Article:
But La Liga’s decline has been in fashion for some time. Real’s win in Paris was the first time a La Liga side have contested a Champions League final in the past four seasons, and Barcelona are slipping away from the highest level since lifting the trophy to the last time in 2015.
Barca’s results and performances this season, both in Europe and in their loss to Madrid in the Clasico de la Liga, should have everyone at the club wondering what they are up to, including the president of the club. club Joan Laporta and head coach Xavi. The lever last summer was to borrow from the club’s future to ensure immediate success this season. Laporta confidently said it would trigger a virtuous circle where the club’s income would grow so fast they could easily pay off their debts. This will not happen in the Europa League.
It’s not at all clear that Barca officials are really aware of the depth of their problems. After losing 2-0 at Bayern earlier in the group, Barca sporting director Jordi Cruyff said the performance sent a message that Barca were back. Speaking on Spanish TV on Wednesday after Inter’s result was confirmed but before his side’s game started, Barcelona director of football Mateu Alemany said they would still be in the competition but for “inexplicable refereeing decisions” that caused the crucial 1-0 loss. to Inter in the third game.
Atletico haven’t really challenged in the latter stages of the competition since their two final defeats against Real in 2014 and 2016. They can deliver epic performances at times – like against Manchester United last season and Liverpool in 2019-20 – but those are the only two Champions League knockout ties Atletico have had in the last six seasons.
This time, Simeone has worked with a team that seems increasingly out of step with his ideas about the game. The Argentine has too many inconsistent attackers and not enough solid defenders. That was shown again on Wednesday when sleek but error-prone defender Mario Hermoso was responsible for Bayer’s opening goal; he was hooked at halftime. Meanwhile, starting centre-forward Alvaro Morata didn’t manage a single shot before being taken off on the hour mark, and the €127m (£110m, £128m) striker dollars) Joao Felix remained on the bench until three minutes remained.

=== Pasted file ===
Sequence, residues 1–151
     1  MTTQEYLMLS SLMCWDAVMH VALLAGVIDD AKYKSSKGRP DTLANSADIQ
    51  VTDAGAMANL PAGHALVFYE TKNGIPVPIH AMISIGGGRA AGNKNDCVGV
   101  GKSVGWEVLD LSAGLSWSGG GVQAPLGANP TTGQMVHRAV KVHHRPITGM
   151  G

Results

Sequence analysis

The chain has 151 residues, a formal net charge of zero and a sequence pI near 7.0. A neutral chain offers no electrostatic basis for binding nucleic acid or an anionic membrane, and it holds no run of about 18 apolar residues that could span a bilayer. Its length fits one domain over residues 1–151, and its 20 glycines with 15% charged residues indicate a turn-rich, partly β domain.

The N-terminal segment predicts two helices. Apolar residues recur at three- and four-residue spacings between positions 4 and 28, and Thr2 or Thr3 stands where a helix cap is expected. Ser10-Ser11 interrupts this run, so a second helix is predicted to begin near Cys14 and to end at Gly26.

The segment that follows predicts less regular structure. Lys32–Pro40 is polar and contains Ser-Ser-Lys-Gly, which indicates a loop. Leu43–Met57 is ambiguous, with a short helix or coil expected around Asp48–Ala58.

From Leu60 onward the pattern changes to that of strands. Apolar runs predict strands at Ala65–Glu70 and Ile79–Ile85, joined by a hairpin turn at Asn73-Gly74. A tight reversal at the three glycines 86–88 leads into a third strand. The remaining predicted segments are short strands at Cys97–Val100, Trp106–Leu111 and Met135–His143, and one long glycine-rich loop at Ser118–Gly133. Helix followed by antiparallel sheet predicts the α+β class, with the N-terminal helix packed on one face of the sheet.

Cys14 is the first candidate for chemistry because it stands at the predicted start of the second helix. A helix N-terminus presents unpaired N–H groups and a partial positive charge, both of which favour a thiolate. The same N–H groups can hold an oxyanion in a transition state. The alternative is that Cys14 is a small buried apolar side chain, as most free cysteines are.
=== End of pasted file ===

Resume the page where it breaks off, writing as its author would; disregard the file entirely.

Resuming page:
There were also similarities in how the two nights ended at the Metropolitano and Camp Nou on Wednesday night.
Some Atletico players – including Antoine Griezmann, Rodrigo De Paul, Jan Oblak, Saul and Geoffrey Kondogbia – remained on the pitch for 10 minutes after the final whistle, each standing alone, staring at die-hard Frente Atletico fans bounce and sing. on their dedication to the club.
In the Catalan capital, a similar scene was unfolding. The Barça players had already disappeared into the tunnel, before their ultras Grada d’Animacio ordered them to return to the pitch. The players dutifully returned, with Xavi also emerging, to stand and watch those fans wave their giant flags and cheer in unison.
While the player support has been admirable in some ways, it’s also been pretty futile. This shouldn’t be the time to blindly support your team no matter what, but to think deeply about the pinnacle of Spanish football.
The past week has also seen more endless political wrangling at the top levels of Spain’s football administration – with La Liga president Javier Tebas and Real Madrid chief Florentino Perez and their proxies battling to sway Spanish politicians who are drafting a new sports law that will govern the operation of football and all its related activities in the country. Tebas and Spanish FA chief Luis Rubiales are also embroiled in a shadowy parallel struggle for money and power. Meanwhile, Perez and Laporta cling to their supposed magical European Super League saviour.
Some of Tebas and Perez’s complaints about the issue of state-owned clubs and the huge wealth of the Premier League have some merit. But not every conflict at the top can help teams keep up with rivals elsewhere.
Even taking into account Madrid’s fantastic success last season, La Liga sides have fallen from their previous position at the top of European play. And that should be a major concern for everyone involved in Spanish football.
(Top photo: Alex Caparros – UEFA/UEFA via Getty Images)